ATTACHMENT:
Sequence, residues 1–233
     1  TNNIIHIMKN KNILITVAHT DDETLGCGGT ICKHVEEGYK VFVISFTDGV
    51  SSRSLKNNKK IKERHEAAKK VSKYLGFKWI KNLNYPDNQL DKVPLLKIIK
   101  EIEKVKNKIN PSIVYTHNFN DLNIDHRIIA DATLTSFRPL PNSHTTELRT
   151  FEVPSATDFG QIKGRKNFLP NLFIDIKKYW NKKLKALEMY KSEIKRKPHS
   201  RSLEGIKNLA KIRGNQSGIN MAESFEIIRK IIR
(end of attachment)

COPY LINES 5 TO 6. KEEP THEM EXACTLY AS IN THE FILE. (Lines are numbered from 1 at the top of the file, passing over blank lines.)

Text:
   151  FEVPSATDFG QIKGRKNFLP NLFIDIKKYW NKKLKALEMY KSEIKRKPHS
   201  RSLEGIKNLA KIRGNQSGIN MAESFEIIRK IIR